In recent years it’s become clear that the microbes that can live in our guts may have many profound effects on human health – from obesity and diabetes to neurological disorders. But how they can exert all these different effects is not always clear.
One way they achieve this is by communicating directly with the cells of their human host, sending signals that they can recognise and react to.
A recent study from Rockefeller University  has cast some light on the signals that the bugs use. They found that some gut bacteria synthesise a group of molecules called N-acyl amides which are known to bind to a receptor molecule found on the membranes of cells in the human gut.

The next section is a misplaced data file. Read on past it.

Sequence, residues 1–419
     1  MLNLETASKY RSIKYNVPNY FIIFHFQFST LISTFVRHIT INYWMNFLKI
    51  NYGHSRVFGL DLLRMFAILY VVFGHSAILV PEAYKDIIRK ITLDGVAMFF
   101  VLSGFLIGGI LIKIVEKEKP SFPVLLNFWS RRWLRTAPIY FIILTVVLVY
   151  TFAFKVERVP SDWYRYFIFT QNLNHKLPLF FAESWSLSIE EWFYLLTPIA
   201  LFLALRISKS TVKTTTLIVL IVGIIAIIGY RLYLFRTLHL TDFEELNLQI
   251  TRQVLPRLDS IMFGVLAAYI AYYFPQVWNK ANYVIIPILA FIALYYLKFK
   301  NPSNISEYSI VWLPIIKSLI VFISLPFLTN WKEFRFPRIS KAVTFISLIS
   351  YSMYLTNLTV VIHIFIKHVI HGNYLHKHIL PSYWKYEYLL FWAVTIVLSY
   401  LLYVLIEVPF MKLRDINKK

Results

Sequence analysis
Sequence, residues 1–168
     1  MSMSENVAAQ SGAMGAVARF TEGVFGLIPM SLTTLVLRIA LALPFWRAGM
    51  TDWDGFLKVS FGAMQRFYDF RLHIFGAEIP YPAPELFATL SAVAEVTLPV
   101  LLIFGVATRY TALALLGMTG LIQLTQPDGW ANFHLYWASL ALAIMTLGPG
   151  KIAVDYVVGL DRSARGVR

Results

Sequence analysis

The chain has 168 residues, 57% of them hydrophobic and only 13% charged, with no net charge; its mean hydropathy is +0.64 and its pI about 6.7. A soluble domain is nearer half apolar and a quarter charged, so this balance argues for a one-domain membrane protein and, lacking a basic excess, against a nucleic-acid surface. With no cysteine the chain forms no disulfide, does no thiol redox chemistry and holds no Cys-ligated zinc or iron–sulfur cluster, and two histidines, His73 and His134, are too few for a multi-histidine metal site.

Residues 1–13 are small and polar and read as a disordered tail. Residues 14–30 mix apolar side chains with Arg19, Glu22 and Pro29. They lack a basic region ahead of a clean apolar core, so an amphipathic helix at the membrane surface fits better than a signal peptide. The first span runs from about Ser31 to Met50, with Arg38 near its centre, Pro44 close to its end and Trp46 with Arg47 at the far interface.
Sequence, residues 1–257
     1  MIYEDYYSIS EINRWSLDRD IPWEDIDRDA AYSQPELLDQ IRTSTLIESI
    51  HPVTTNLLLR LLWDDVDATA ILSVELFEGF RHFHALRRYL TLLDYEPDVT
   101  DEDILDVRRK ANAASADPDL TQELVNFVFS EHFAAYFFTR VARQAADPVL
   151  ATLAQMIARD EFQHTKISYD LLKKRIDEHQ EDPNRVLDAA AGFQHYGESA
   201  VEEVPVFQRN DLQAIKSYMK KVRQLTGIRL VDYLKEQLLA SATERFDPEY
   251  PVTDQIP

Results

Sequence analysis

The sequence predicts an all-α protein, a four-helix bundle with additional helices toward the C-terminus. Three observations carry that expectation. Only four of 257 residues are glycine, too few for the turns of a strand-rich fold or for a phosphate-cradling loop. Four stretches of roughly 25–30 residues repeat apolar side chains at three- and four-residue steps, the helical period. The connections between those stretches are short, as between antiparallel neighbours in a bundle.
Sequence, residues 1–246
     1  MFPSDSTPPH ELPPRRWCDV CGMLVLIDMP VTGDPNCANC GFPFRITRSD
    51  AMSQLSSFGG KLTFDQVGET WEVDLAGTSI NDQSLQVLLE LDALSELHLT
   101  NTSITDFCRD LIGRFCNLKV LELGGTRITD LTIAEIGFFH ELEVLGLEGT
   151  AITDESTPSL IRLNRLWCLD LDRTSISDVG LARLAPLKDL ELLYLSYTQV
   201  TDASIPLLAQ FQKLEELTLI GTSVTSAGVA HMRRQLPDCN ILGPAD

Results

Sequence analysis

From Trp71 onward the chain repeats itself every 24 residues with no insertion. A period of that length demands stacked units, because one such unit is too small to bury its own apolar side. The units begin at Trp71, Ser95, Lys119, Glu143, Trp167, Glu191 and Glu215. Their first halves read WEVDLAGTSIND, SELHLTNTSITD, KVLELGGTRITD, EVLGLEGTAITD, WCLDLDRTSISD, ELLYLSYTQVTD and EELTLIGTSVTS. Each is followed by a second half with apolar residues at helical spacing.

Human cells respond to all kinds of signals from their environment; they sense most of these through large protein molecules, known as receptors, embedded in their membranes. Each type of receptor binds to specific molecules, like a key fits in a lock. It turn out that the gut bacteria are able to make molecules that bind to a specific receptor called GPR 119, that is known to have a role in glucose and appetite.
It turns out that the bacteria are using a human signalling pathway. One of the exciting insights from this work is that the scientists were able to engineer bacteria to produce these signals, which could be a novel way to fine-tune the function of the gut microbiome and its effects on the human body.
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 Cohen L, et al., (2017) Commensal bacteria make GPCR ligands that mimic human signalling molecules. Nature 549 (7670):48-53